The totality of the evidence suggests that American education, at almost every level, is experiencing a profound crisis and has failed to create a literate, educated citizenry. For example, the National Adult Literacy Survey found that over forty million Americans age 16 and older have significant literacy deficiencies. In addition, more than 20 percent of Americans read at or below a fifth grade level which is far below the level needed to earn a living wage. The data with respect to scientific literacy is also disquieting. Americans in general do not understand what molecules are, less than one third can identify DNA as a key to heredity, and one adult in five thinks that the Sun revolves around the Earth.
The increasing inequalities among local school districts in United States and between educational outcomes in the United States versus other member states in the Organization for Economic Cooperation and Development are directly related to the ideological stranglehold that notions about individualism and local control of education continue to exert over American politics. This tradition of local autonomy in public school systems has led to the emergence of an increasing number of autonomous charter schools which siphon off badly-needed funds and better-performing students from more troubled, urban school systems. This trend, coupled with the existence of so many private secondary schools and colleges and universities, make it virtually impossible for American educational institutions to adopt and enforce uniform learning and graduation requirements or to effectively measure educational outcomes.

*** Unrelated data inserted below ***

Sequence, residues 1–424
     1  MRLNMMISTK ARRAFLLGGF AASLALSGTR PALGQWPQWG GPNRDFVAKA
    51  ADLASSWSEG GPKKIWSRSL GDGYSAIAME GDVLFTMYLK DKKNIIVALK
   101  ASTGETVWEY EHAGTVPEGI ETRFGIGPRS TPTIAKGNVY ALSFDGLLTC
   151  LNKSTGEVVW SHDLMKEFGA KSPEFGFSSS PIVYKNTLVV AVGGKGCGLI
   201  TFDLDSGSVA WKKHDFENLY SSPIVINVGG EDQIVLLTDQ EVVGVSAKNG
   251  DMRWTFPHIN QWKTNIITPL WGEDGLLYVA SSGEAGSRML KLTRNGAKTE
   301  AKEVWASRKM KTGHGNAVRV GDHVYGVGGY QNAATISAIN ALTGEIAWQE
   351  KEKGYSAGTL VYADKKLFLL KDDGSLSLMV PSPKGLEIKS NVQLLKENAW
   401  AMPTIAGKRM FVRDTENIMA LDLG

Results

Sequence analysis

Given the magnitude of the problems that face American public education today, only demagogues will continue to argue that poorly-paid, poorly- supported teachers are the cause of this country's educational crisis and not a part of its solution. The continuing assault upon teachers, their job security and future retirement benefits will deter more and more top-performing university graduates from considering a career as a teacher.